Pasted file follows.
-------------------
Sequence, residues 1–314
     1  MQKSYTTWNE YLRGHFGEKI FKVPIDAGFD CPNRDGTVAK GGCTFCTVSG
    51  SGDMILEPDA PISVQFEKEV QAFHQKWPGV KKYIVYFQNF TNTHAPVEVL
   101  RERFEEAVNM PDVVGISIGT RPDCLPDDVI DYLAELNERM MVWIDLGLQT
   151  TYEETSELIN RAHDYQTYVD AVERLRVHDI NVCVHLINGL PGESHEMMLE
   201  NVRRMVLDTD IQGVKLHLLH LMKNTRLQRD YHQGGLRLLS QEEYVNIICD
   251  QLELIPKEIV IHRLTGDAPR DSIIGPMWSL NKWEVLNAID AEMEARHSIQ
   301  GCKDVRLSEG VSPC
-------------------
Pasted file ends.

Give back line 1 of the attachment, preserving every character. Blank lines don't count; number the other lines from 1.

Sequence, residues 1–314